Fingerpainting with Brushes

I used to go back and forth playing a game with myself: if I had to choose between writing and art, which would it be? In the end I would (almost reluctantly) choose writing because I would only need a piece of paper and a writing tool. Art takes up so much room and materials can be so expensive. That said, I can't stop making things or buying supplies.

Choosing what supplies to bring when I travel (not often!) is a problem as I try to decide what to bring: brush markers? a tiny watercolor kit? water soluble colored pencils and a water brush? needlefelting supplies? paper and needle and thread to make books? Is it possible that someone who likes to paint with tactile materials could embrace digital painting?

Ever since I saw a picture by David Hockney that he painted on his iPad I have been intrigued. You can see some of his iPhone drawings from 2009 here. Hockney started making these when he was in his seventies and it took a bit before he realized that an iPad was "quite a serious tool you can use" and it was "like an endless piece of paper." He hasn't stopped his other work; he's added another dimension.

After I watched this video I decided someone in our house needed the Brushes app that Hockney uses. In lieu of the flowers that did not appear on our anniversary, the iPad owner I know best agreed to buy me the app. The $7.99 was gone instantly, and in a minute (I patiently let him look at it, first) I was playing with Brushes.

I spent forty-five minutes painting on the iPad and most of that was actually creating, not figuring out the tools. It is a simple program with just enough variation to make it fun and to spark new ideas. You can choose a color, an opacity, a type of stroke that can be as thin as a pencil line or as thick and streaked as a brushstroke. It also has an eyedropper feature so you can choose previously used colors, and an "undo" feature, so you can remove a stroke and go back to change a color. Working with Brushes is probably easier if you have played with a drawing/painting program before or if you have painted with physical materials, but I suspect it could be a great introduction to color, texture, and layering, for kids and for anyone who wants to explore.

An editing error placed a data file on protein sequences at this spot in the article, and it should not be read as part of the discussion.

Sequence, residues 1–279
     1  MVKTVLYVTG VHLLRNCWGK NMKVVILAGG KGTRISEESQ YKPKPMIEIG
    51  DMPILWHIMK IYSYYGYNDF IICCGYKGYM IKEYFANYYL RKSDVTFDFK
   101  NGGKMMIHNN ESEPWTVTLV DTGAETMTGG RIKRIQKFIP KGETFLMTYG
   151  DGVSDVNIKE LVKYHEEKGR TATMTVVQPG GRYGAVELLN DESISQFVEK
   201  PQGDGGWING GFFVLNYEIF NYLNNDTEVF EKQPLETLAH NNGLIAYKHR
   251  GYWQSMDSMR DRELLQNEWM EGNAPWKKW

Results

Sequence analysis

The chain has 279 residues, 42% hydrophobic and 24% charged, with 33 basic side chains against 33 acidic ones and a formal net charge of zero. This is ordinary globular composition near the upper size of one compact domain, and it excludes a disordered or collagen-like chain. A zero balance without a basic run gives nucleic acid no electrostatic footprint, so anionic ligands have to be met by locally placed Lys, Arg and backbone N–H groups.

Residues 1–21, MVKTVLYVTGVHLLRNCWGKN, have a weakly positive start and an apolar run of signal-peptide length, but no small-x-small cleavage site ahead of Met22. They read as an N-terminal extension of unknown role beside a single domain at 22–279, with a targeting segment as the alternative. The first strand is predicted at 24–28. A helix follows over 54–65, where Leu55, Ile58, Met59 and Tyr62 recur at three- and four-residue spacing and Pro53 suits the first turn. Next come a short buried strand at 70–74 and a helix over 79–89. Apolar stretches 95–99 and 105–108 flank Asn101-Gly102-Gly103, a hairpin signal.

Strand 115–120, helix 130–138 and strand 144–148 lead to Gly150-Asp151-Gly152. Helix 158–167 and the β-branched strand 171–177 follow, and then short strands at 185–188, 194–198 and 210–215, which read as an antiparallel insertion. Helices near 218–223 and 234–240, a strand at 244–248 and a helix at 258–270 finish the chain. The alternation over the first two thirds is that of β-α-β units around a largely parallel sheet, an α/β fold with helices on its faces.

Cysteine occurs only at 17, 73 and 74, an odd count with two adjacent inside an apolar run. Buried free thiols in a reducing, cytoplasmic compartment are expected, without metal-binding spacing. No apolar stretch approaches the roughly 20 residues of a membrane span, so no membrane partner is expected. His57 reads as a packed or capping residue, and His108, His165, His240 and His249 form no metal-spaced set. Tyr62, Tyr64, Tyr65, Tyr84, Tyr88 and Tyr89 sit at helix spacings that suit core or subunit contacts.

An artist's job is to explore. Seek out new territory; find something fresh. And make art anywhere.

You can use the stylus, as Hockney does, or abandon it and use your finger. I had more fun fingerpainting. And so, I present you with my first attempt, Tangerines Are Okay W/Me.

As with many things, there are plenty of websites that showcase iPad art, including a Brushes Gallery that displays some really impressive paintings.

I love the tactility of real art supplies, and I'm not ready to give up my studio—not even close—but I'm happy to find a portable and satisfying way to make art while traveling, while waiting, and for pleasure. Assuming I can spirit away that iPad again…


Thanks for the info about Brushes! The iPad has made writing so portable. Now I can finger-paint too!